Bauhaus’ Weaving Tradition

Discover what connects the weaver Ulrike Isensee with the Bauhaus and what she's making for the Bauhaus' anniversary.

Ulrike Isensee from Hamburg has long since been known for her highly imaginative handwoven scarves and shawls. Her new room dividers, wall objects, assemblages and woven fabrics constitute a textile-themed attempt at approaching the Bauhaus’ weaving tradition, and a tribute to its women weavers. Ulrike Isensee takes part in the Hamburg Architecture Summer 2019 with the showcase exhibition “Networked”. We talked to the weaver about her Bauhaus homage.

Ulrike Isensee

Ulrike Isensee at her studio in Hamburg.

Ulrike Isensee

Alongside creating her scarves, Ulrike Isensee has been exploring and experimenting with wall objects and room dividers for quite some time now. Photo: Vier Fotografen.

Art Aurea To mark the anniversary of the Bauhaus’ founding 100 years ago, you are creating a variety of objects at your workshop as a tribute to the Bauhaus’ women weavers. How did this come about?

Ulrike Isensee The Bauhaus revolutionized and lastingly modernized textile surface design. Since the female students were advised to continue their training in the textile workshop after completion of their basic studies, most of the students there were women. For my project, I decided to reinterpret works by Anni Albers, Gunta Stölzl, Ruth Holl and others, using contemporary techniques and materials.

AA You studied at Hamburg’s University of Fine Arts from 1973 to 1979. Afterwards, you trained as a handweaver and, after obtaining your journeywoman’s certificate, you also earned the title of Master Handweaver. Since when have you been exploring the Bauhaus as a theme?

UI Since I started to work as a freelance weaver in the early 1980s. Austerely geometrical designs are predestined to be used for woven fabrics because the warp and weft threads are also interlaced at a right angle. Using the inlay weaving technique, I created scarves featuring woven graphical segments.My new assemblages, wall objects and room dividers connote the Bauhaus’ fundamental design concepts. I craft them from geometrical elements, made of diverse materials, that I affix to a delicate mesh.

AA In the 1950s, Anni Albers gave up working as a freelance weaver and henceforth worked as a graphic artist and designer for Florence Knoll. Why have you never been interested in creating designs for the industrial sector?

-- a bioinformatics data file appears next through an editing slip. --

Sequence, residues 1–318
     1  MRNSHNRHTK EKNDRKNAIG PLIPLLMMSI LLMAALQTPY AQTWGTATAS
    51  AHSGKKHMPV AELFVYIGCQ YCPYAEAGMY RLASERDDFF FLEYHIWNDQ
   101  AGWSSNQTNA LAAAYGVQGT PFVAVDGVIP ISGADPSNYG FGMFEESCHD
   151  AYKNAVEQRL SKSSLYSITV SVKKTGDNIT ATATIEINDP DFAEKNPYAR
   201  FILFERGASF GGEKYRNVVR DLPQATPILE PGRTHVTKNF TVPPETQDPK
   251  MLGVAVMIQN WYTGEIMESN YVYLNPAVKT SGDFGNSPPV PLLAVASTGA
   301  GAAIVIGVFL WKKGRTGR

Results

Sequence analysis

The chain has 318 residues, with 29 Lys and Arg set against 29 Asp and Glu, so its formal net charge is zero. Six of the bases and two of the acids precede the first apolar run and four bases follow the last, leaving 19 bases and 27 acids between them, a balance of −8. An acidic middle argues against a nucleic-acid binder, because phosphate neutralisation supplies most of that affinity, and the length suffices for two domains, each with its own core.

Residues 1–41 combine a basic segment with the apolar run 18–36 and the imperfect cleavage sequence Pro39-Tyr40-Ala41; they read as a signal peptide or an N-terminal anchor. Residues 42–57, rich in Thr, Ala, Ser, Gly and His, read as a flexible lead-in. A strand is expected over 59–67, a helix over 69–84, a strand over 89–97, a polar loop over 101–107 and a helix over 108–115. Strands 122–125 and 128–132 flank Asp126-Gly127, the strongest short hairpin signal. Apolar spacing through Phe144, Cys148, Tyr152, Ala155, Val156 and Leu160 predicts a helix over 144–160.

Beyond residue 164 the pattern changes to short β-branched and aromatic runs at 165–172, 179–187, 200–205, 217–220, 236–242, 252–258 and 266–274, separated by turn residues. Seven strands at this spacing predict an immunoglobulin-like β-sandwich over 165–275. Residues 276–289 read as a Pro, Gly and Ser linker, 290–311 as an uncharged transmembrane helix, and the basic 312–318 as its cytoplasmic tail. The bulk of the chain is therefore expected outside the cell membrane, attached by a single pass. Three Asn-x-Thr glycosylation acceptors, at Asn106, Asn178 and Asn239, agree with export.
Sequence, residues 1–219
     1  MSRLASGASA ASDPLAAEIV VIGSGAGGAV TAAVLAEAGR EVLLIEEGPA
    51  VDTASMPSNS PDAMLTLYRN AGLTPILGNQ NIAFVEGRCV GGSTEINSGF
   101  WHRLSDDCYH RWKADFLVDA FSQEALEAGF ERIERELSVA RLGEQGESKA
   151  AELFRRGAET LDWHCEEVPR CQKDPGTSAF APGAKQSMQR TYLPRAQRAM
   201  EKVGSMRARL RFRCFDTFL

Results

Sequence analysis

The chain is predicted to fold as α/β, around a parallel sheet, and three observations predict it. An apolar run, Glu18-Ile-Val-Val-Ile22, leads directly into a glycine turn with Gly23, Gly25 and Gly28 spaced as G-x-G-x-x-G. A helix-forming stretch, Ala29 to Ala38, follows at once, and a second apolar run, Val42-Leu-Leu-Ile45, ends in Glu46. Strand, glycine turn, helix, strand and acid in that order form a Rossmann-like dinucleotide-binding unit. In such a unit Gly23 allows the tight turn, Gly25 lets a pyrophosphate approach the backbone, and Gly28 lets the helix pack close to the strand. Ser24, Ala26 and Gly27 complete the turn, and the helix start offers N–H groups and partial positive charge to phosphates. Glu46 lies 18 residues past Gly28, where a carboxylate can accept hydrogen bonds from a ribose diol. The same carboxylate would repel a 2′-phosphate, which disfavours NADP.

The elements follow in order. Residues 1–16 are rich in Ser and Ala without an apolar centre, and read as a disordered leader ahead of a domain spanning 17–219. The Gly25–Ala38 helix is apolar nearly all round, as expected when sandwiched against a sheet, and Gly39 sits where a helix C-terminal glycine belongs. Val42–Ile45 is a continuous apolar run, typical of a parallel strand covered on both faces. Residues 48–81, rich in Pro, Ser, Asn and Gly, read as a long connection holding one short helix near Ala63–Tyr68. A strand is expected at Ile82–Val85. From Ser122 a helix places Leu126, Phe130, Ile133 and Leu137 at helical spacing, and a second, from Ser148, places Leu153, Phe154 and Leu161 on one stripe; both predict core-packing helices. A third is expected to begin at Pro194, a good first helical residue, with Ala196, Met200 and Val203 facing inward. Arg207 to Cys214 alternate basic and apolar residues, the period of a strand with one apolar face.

UI In the 1950s, people still strongly believed that industrial production could satisfy all human needs. Reverting to manual work as an autonomous way of life and an alternative manufacturing method, as can be witnessed nowadays in some areas, was considered outmoded back then.

AA What do you find particularly interesting about Anni Albers, who succeeded Gunta Stölzl as head of the weaving workshop at the Bauhaus in Dessau in 1931?

UI The first project within the context of my Bauhaus tribute references the weavings that Anni Albers created herself in Dessau, which were inspired very much by the Bauhaus’ austere design concepts. Anni Albers’ graduation piece was a fabric made of cellophane and cotton for the windows of an auditorium. It was a trailblazing piece back then due to the innovative material combination. I am fascinated by her experimentation with weaving techniques and materials, which was truly groundbreaking.

Ulrike Isensee

Ulrike Isensee: “Nowadays, in our digital era, I notice people re-appreciating the importance of artisanal work and realizing that it is worth preserving.“

AA So far, you’ve been known mainly for your highly imaginative handwoven scarves and shawls. Your tribute to the Bauhaus weavers involves wall objects, i.e. is about their impact on a room’s ambience. Isn’t this an entirely new theme for you?

UI Alongside creating my scarves, I have been exploring and experimenting with wall objects and room dividers for quite some time now. I find it exciting to translate my artistic ideas into textile pictorial artworks on a larger scale, even if I’m leaving the applied arts genre in so doing. It started in 2003 with a kimono project. I used the clear-cut shape of a kimono as a projection screen for different textile techniques. I also began to concern myself with recycling, repurposing used textiles. From 2012 to 2014, I wove and sewed different materials, which can be regarded as carriers of “memories”, into textile surfaces. In 2014, I was awarded the Lotte Hofmann Memorial Award for Textile Art.

AA You set up your atelier in Hamburg in 1983 and have been working as an artistic craftsperson ever since. How has people’s appreciation of your works, and of the applied arts in general, changed over the past few decades?

UI Initially, my customers’ focus was mainly on craftsmanship. Back then, people were deeply fascinated by independent, non-alienated work. Several years later, my customers were attaching progressively less importance to whether a piece was handcrafted or not. They were interested above all in its design and style, but not in the crafting process involved. Nowadays, in our digital era, I notice people re-appreciating the importance of artisanal work and realizing that it is worth preserving. Traditional crafting expertise, such as in weaving techniques, which requires experience and skill in working the materials, exerts a certain fascination. Nowadays, people are becoming increasingly aware again of the value of an artisanal culture.

“Vernetzt“ – A Showcase exhibition in the context of the Hamburg architectural summer 2019. More about Ulrike Isensee with photo gallery.

  • Atelier Isensee
    Bernstorffstraße 119
    22767 Hamburg
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